There is no real real economic recovery without reality in housing. Values never went up — but prices did. Now the prices are returning back to the values left in the dust during the big bank push to “get rid of” money advanced by investors. It’s a game to the banks where the homeowner is the lowly deadbeat, the bottom of the ladder, a person who doesn’t deserve dignity or relief like the bank bailouts. When a person gets financial relief from the government it is a “handout.” When big banks and big business get relief and subsidies in industries that were already profitable, it is called economic policy. REALITY CHECK: They are both getting a “handout” and economic policy is driven by politics instead of common sense. French arisocrats found that out too late as their heads rolled off the guillotine platforms.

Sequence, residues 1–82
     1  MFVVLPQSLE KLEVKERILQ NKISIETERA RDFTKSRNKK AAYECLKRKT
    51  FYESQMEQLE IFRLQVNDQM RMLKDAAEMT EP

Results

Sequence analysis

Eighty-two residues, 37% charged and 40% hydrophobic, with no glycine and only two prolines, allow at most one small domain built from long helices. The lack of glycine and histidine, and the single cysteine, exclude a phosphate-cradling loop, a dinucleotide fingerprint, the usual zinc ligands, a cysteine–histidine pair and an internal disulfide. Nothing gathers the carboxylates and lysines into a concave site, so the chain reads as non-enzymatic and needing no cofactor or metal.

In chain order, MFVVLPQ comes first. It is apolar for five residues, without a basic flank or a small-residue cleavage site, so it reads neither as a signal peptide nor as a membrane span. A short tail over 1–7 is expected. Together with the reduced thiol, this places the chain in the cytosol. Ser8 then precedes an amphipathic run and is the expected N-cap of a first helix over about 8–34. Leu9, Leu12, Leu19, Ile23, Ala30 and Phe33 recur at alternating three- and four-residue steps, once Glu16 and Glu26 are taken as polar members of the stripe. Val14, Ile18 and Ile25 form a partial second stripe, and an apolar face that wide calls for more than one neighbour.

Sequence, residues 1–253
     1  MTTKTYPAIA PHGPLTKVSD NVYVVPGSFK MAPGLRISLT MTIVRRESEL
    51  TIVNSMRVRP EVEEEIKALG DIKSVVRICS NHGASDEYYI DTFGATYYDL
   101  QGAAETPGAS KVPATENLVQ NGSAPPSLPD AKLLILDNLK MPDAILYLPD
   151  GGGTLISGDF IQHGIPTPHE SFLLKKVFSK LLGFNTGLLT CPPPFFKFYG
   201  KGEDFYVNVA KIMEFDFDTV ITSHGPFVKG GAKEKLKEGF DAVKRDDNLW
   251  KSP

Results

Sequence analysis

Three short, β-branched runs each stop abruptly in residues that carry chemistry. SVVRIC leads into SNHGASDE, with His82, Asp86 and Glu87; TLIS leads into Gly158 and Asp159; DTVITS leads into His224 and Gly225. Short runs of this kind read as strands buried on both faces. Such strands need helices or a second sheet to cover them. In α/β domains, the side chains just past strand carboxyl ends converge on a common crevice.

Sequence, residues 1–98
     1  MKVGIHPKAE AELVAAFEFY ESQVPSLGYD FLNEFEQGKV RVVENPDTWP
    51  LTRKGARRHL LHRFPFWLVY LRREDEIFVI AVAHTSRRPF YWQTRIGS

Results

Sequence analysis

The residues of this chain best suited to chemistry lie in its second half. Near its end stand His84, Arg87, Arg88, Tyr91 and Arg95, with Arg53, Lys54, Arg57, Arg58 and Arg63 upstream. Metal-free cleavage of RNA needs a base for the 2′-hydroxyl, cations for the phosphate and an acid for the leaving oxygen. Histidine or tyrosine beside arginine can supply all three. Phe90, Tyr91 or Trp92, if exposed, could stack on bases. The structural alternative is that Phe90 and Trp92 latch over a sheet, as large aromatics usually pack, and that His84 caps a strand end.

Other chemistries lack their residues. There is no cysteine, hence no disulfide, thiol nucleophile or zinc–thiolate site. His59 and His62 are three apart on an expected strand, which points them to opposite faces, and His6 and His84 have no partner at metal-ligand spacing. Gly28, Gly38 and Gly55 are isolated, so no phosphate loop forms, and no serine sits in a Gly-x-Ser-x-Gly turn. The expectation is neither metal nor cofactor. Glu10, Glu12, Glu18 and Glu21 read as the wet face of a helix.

But Iceland and other places in the world have taught us that in reality those regarded as deadbeats are atually people who were herded into middle class debt traps created by the banks and that if they follow the simple precept of restoring victims to their previous state, by giving restitution to these victims, the entire economy recovers, housing recovers and everything resumes normal activity that is dominated by normal market forces instead of the force of huge banks coercing society and government by myths like too big too fail. The Banks are doing just fine in Iceland, the financial system is intact and the government policy is based upon the good of the society as a whole rather the banks who might destroy us. Appeasement is not a policy it is a surrender to the banks.
Cities with the Most Homes Underwater
Michael B. Sauter